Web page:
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An introduction to the Universal Thermal Climate Index (UTCI)

An introduction to the Universal Thermal Climate Index (UTCI)

The applicability of the UTCI was compared with selected biometeorological indices (e.g. Effec- tive Temperature – TE, Wet-Bulb Globe Tempera- ture – WBGT, Heat Stress Index – HSI, Wind Chill Temperature – WCT, Perceived Temperature – PT, Physiological Equivalent Temperature – PET, Stand- ard Effective Temperature – SET*, Physiological Subjective Temperature – PST, and Physiological Strain – PhS). The main finding from the compari- sons made for various sets of data (global, region- al, local, daily and momentary data) was that the UTCI offers a better portrayal of biothermal conditions for human beings than do other indices (Błażejczyk et al. 2012).
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Am empirical comparison of the performance of classical power indices

Am empirical comparison of the performance of classical power indices

The model underlying the measurement of voting power is a game played by n players who co- operate by forming coalitions 3 by simply casting their votes; that is, they vote for or against a motion in a hypothetical meeting. Coalitions may be winning or losing according to the rules of decision making in the meeting and each member’s power is then measured by his or her ability to influence the outcome by changing a coalition from losing to winning by voting with it rather than against it, an effect referred to henceforth as a swing. A power index is calculated for each player by considering each possible coalition of which he or she is not a member and evaluating the number of swings. The indices are not described in full detail here but in a later section after the discussion of methodology and the description of data because the form of the data available affects the precise nature of the games studied and their computational details. Before that I consider some theoretical aspects of the indices' comparative properties which have been discussed in the literature.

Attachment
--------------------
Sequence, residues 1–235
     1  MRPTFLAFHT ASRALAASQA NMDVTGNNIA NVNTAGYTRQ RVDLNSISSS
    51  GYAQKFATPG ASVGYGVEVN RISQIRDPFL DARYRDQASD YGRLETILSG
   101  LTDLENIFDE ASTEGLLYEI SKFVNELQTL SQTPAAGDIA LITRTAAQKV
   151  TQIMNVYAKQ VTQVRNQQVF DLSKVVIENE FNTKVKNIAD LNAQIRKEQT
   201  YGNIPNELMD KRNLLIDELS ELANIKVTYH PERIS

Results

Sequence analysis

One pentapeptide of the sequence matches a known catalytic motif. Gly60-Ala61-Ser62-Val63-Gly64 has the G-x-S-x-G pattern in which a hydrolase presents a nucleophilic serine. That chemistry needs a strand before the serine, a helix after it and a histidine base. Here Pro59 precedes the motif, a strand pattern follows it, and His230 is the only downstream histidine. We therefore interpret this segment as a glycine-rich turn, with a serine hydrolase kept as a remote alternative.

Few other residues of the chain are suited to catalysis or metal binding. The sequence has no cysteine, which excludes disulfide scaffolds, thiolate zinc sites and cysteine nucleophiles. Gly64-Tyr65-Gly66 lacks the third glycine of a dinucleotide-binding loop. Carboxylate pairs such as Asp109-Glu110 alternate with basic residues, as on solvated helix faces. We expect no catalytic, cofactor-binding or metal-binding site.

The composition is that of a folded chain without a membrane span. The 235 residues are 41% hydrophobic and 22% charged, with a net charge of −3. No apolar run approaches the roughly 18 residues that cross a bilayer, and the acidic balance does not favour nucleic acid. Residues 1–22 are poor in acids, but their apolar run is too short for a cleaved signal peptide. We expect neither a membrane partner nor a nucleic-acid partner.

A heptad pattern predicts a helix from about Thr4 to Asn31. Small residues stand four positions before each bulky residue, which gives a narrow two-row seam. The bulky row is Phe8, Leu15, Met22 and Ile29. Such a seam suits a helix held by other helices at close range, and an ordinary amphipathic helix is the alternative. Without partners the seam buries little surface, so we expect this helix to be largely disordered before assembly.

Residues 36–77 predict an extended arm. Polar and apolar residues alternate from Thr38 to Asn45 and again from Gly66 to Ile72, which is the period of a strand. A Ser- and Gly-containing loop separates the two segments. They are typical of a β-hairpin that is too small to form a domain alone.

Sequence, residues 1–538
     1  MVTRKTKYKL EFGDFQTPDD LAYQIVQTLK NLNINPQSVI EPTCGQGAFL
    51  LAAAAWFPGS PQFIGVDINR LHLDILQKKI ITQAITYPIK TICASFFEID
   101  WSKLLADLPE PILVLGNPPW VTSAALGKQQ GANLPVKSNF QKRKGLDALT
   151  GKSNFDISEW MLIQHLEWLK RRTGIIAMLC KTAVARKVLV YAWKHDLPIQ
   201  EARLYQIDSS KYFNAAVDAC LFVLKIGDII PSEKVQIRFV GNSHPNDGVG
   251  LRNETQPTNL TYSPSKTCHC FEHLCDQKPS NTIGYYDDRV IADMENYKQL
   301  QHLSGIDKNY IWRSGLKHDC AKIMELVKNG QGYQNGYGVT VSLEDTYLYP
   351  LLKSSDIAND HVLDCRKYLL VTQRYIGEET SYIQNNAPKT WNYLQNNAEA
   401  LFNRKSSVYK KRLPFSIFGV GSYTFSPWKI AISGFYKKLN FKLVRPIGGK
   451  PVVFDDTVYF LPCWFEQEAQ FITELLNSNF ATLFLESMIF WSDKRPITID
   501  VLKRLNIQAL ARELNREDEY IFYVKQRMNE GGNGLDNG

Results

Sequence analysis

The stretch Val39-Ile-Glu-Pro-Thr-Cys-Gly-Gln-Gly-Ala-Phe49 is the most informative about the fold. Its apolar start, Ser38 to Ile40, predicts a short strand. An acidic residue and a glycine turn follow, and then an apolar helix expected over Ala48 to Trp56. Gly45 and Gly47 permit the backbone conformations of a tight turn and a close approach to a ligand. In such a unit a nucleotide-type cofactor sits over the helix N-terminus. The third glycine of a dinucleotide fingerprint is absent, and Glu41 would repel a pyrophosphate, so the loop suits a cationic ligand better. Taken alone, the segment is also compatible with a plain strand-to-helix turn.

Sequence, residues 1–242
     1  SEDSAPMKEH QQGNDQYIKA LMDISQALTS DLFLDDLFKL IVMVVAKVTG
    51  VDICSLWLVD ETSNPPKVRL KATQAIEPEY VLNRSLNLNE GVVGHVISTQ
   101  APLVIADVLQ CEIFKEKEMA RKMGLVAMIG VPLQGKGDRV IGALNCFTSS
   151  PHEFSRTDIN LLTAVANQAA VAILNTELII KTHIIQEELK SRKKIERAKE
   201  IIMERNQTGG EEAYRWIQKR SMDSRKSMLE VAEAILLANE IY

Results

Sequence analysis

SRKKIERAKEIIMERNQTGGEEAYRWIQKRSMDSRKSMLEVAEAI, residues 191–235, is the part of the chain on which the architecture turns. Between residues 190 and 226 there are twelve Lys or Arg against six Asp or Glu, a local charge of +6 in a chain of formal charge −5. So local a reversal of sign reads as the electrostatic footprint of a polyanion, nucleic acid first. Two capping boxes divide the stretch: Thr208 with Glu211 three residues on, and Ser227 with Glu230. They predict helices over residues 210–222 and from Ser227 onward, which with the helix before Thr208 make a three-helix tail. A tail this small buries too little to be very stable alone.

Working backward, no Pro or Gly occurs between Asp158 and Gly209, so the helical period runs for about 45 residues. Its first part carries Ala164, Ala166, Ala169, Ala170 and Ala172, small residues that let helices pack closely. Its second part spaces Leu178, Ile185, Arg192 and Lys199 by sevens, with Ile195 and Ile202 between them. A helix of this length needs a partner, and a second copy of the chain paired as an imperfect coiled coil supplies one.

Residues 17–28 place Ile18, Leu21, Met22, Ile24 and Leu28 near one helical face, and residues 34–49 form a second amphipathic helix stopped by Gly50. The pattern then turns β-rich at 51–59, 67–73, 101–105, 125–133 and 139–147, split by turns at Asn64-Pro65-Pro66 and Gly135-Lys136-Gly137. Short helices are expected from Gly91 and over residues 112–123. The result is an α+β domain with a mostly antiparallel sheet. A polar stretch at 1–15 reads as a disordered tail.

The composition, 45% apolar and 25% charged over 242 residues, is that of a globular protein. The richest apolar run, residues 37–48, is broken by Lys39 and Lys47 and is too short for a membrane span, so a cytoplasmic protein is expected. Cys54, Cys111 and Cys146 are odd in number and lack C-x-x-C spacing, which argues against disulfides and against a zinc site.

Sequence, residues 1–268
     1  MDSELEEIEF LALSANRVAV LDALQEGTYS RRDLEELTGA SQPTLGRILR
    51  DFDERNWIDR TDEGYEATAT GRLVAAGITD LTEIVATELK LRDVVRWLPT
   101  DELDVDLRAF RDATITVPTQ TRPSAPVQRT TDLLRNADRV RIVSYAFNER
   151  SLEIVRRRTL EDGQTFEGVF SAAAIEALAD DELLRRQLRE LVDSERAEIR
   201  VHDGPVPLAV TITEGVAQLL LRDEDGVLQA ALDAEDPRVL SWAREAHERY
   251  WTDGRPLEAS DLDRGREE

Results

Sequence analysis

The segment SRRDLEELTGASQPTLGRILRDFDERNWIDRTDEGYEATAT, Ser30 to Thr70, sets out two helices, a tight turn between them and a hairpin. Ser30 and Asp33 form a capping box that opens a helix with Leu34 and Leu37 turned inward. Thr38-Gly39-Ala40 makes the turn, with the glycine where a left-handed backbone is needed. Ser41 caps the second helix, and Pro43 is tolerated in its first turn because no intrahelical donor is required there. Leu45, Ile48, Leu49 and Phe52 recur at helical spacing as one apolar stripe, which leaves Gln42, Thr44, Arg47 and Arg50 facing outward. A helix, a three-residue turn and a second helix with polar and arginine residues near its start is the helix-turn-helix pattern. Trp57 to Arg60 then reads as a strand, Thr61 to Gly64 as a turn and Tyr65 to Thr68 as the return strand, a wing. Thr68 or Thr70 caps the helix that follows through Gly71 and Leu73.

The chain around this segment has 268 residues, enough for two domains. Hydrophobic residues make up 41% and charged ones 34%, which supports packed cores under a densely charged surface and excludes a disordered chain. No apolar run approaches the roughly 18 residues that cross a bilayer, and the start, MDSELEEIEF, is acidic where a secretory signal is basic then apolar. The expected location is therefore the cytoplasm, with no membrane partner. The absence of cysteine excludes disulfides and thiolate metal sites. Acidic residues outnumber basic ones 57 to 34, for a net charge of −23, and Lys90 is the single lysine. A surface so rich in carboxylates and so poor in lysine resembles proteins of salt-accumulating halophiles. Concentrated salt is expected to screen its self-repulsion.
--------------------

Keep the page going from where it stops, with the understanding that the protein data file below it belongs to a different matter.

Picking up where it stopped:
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Assessment of the Relationship between Stock Indices and Selected Macroeconomic Indicators

Assessment of the Relationship between Stock Indices and Selected Macroeconomic Indicators

Významnou součástí finančního systému tržních ekonomik je kapitálový trh, na kterém jsou obchodovány dlouhodobé finanční instrumenty. Nejrozšířenějším a nejvýznamnějším instrument[r]

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A Comparison of Hotel Indices with Hotel Properties and Portfolios

A Comparison of Hotel Indices with Hotel Properties and Portfolios